Back Porch Reading #3

A third week of short reading recommendations, as you escape your house/office for a mug of joe on the porch–the book I finished yesterday, an article about writing fantasy, and a Netflix movie review.

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Yesterday I finished reading Unlonely Planet by Billy Curry. Having canceled our plans for international travel in October, this book gave solace. I think of the author as Billy because he comes across as good-natured. Unlonely Planet is Billy’s memoir of a journey from Nepal to Brazil with many countries in between. Throughout the book, Billy’s very personal, unapologetic, and relaxed approach to travel is delightful.

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Humble roots, an outdoor life, 
  trudging and trekking,
twice lightning, once 
      sickness strikes.
So now when traffic,
   snarling and winding,
stops dead. I have envisaged
minutes left on my timer.

Kindku from Unlonely Planet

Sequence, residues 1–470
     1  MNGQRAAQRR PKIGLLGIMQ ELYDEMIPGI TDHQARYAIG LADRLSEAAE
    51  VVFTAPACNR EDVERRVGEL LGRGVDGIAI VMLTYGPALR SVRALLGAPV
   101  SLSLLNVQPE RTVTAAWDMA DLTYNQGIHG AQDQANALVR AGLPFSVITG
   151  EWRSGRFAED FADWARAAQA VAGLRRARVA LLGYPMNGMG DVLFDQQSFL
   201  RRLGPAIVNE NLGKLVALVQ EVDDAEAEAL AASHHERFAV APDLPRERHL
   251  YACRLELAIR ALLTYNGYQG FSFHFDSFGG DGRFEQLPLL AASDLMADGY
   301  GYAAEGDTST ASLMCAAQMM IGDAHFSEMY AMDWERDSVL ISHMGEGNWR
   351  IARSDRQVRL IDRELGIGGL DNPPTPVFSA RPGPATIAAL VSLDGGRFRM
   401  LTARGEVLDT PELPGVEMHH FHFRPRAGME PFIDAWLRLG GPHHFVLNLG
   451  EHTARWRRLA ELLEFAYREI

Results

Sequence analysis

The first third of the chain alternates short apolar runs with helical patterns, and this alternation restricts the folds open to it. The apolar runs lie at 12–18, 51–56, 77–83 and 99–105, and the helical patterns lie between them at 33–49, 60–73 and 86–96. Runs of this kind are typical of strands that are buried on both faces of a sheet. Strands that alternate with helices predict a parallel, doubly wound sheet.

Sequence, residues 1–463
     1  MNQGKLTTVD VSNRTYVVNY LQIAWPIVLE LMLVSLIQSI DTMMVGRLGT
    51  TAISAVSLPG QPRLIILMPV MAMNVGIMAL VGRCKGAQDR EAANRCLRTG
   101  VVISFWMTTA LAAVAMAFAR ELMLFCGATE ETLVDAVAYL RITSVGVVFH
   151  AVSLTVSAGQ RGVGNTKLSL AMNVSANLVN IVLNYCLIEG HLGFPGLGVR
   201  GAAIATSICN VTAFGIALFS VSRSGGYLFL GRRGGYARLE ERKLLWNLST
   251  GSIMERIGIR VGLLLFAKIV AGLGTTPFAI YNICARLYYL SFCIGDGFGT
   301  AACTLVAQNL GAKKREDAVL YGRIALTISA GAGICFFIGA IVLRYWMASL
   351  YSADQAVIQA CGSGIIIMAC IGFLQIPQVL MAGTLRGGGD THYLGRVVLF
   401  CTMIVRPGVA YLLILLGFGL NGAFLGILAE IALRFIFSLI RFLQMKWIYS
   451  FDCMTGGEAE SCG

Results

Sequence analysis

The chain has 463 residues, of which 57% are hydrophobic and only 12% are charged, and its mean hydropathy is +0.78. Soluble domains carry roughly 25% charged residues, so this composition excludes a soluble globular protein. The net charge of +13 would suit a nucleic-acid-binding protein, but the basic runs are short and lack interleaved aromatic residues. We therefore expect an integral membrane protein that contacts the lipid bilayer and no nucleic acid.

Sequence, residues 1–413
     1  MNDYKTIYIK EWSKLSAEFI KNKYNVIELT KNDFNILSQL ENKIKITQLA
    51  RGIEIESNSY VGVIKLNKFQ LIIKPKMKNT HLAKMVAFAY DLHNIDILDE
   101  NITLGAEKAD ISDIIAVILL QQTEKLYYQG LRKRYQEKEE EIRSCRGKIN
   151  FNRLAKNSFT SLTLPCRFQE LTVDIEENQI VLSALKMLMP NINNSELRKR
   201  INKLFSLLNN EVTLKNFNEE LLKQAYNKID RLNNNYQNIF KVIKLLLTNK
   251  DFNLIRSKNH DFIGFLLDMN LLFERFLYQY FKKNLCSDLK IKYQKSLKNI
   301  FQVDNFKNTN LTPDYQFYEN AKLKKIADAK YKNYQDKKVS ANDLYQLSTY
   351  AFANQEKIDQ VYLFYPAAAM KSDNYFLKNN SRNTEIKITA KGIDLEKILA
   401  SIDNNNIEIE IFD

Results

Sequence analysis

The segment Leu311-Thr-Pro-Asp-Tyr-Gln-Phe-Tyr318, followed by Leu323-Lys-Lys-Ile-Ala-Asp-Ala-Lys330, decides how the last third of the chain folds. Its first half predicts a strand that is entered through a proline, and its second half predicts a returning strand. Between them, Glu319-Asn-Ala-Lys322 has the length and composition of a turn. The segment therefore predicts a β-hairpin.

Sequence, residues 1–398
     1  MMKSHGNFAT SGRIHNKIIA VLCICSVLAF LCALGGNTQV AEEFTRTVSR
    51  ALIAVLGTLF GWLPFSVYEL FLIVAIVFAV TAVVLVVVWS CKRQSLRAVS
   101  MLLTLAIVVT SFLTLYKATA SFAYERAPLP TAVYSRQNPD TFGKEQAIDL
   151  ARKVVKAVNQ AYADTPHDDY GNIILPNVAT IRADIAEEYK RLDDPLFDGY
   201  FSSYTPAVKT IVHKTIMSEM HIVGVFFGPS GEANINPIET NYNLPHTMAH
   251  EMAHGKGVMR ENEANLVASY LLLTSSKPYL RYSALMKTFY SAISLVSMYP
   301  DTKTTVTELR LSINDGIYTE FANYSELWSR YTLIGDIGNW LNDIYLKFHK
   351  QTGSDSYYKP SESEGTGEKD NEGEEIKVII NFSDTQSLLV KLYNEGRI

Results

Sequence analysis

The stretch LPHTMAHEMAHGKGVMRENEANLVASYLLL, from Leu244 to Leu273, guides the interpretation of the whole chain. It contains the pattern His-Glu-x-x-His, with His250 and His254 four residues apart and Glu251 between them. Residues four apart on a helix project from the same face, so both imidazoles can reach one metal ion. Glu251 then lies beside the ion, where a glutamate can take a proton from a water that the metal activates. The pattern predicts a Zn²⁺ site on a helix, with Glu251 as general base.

page 31 of 235
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Via feedspot.com I found “The Flat-Heeled Muse”, an article on writing fantasy by Lloyd Alexander. There are some great quotes in this article.

Melancholy men, they say, are the most incisive humorists; by the same token, writers of fantasy must be, within their own frame of work, hardheaded realists.

Once committed to his imaginary kingdom, the writer is not a monarch but a subject. 

Lloyd Alexander
Not that kind of monarch?

I love the movie Secondhand Lions. According to the internet, this movie (2003) is based on a memoir, Unstrung Heroes, by Franz Lidz, a book loved by Lidz’s readers. I hope to be one of them someday. 

I can watch Secondhand Lions over and over again. Robert Duvall and Michael Caine play two eccentric uncles who reluctantly agree to care for their teenage grand nephew, Walter, one summer. Even though this movie is about two old men and a boy on a farm, adventure is not lacking. There’s a lioness, piles of cash, and many villains. If you have overlooked Secondhand Lions on Prime or Netflix, stop doing that.

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Inspired by Walter’s terrible mother, I searched for more stories about bad parenting. I found this article “The 10 Crappiest Parents in Literature”. My vote is King Lear for the worst father, and I’m still searching for the worst mother. I would love to know your thoughts–please comment and follow. I seem to be making Back Porch Reading a regular thing.

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